As is now the typical response by studios behind the various television series on the receiving end of the proverbial network axe, the makers of The Killing are reportedly interested in staving off the show's death by shopping it around to numerous other television networks.
Last week, AMC made the announcement that it would not be seeking a third season of the once critically acclaimed murder mystery, after the second season failed to garner sufficient enough ratings to warrant the series' continuation.
Of course, it likely won't be long before the name Netflix pops up as a potential contender for the series, as the streaming content provider is now seemingly obliged to feign some interest in every serialized drama that has been given its walking papers in the past few years. It's worth noting however, that even though Netflix has been briefly associated with the resurrections of recently canceled programs like Terra Nova and The River, the only show it's actually had enough interest in is Arrested Development – a series last seen on television in 2006.
Besides wondering what network a dark, character-driven drama such as The Killing might be able to call home, selling the show may be too much of a problem for any legitimate interest to arise. As fans will note, executive producer Vena Sud and AMC underwent a maelstrom of criticism after season 1 ended with the main character, Det. Sarah Linden (Mireille Enos) being served up yet another red herring, instead of the answer to the mystery nearly every viewer believed they had been promised. Following that debacle – which resulted in AMC head of original programming Joel Stillerman issuing a statement about how the network and the show may have better managed fans' expectations – The Killing never quite seemed to recover.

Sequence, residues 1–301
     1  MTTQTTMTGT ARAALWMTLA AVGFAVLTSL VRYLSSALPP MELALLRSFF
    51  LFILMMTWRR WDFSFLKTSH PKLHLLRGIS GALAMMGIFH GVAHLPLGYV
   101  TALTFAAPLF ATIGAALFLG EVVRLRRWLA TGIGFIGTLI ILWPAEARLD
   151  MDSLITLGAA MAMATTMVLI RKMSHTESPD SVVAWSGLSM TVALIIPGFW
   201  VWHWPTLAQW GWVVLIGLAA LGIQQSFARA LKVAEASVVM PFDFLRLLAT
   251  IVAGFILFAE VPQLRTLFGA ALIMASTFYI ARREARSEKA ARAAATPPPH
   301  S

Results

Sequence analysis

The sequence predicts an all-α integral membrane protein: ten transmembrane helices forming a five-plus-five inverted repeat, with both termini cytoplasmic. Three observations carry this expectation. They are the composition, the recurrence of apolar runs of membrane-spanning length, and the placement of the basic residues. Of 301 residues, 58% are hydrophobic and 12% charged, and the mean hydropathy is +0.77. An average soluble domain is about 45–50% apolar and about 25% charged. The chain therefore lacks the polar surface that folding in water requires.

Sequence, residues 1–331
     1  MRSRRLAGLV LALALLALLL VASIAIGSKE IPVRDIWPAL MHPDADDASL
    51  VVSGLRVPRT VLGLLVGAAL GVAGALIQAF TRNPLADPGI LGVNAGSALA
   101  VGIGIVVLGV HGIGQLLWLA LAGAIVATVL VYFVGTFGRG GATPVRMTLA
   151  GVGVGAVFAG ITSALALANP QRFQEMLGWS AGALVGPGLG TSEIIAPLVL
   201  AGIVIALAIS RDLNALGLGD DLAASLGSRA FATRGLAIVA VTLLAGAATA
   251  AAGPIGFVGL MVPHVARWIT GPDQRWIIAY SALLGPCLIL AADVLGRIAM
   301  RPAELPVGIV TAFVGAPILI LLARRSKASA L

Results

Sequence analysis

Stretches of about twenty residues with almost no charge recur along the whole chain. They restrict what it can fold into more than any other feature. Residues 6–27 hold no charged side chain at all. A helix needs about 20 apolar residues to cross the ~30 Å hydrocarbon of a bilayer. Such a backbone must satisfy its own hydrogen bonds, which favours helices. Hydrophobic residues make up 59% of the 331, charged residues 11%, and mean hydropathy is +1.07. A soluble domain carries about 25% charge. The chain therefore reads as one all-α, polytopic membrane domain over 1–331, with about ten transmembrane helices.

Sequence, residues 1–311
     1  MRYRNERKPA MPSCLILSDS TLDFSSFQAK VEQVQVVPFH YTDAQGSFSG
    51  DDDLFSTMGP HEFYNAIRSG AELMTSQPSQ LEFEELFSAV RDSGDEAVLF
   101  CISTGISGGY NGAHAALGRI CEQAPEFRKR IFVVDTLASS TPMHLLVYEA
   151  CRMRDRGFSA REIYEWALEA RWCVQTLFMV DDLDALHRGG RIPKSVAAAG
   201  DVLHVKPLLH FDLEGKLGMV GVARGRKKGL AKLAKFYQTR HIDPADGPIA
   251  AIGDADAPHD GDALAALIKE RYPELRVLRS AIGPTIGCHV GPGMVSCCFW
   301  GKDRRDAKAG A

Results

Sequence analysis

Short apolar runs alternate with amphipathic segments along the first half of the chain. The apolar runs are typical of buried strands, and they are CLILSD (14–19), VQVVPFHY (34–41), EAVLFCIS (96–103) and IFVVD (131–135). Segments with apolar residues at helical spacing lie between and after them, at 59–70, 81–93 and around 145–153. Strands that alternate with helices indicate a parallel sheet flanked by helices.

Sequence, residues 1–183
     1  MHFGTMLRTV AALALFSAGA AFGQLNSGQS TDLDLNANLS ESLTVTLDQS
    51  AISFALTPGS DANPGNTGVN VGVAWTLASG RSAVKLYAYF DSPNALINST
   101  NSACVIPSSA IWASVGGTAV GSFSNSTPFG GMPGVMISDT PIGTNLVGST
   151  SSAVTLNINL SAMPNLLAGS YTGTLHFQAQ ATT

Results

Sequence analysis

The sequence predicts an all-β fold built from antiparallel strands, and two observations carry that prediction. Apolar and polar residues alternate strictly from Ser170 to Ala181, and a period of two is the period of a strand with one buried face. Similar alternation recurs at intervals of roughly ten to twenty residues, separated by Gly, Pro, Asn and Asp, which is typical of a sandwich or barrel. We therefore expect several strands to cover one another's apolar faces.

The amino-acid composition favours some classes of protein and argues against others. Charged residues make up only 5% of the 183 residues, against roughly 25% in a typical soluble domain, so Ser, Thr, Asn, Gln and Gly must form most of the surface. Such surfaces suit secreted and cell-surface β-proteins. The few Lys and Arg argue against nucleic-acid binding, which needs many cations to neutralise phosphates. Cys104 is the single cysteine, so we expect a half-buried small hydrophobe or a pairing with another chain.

That kind of baggage almost certainly led to the poor ratings performance of The Killing in season 2. The April premiere saw its ratings down a whopping 33 percent from the year before, with just 1.8 million viewers tuning in. Unfortunately for the series, those numbers continued to decline until the season finale, which garnered only 1.4 million viewers. Additionally, with the series wrapping up its central mystery of who killed Rosie Larsen, AMC took the declining numbers as a sign the series had reached its end.
Despite all that, the studio that produces The Killing still believes in the series enough to begin shopping it around. In a statement released shortly after AMC's announcement that it was canceling the series, Fox Television Studios had this to say:
"Fox Television Studios is extremely proud of The Killing, the extraordinary writing staff and crew, and what we believe is one of the best casts on television. We will proceed to try to find another home for the show.”
If The Killing does find a new home, chances are, it will not resemble the program it once was – and that is likely a good thing. With the Larsen murder solved, the series would be forced to essentially recast nearly every character, with the exception of Det. Linden and her partner Det. Stephen Holder (Joel Kinnaman). Kinnaman addressed the need for a fresh start to the series soon after the second season wrapped up by saying:
“I feel like Linden and Holder [are] just [getting] started. I imagine that there would be a new case, and that Linden’s obsessive nature is not going to keep her away from police work for too long. It’s like the first season [of a show], where it [would] be original material and not based on the Danish [series] anymore.”
As it stands, many of the deviations made by The Killing from its source material – the Danish series Forbrydelsen – have been some of the most criticized aspects of the show. If The Killing were to continue, perhaps what it would need is a more direct translation of the original series.
Screen Rant will keep you updated on any progress made to land The Killing at another network.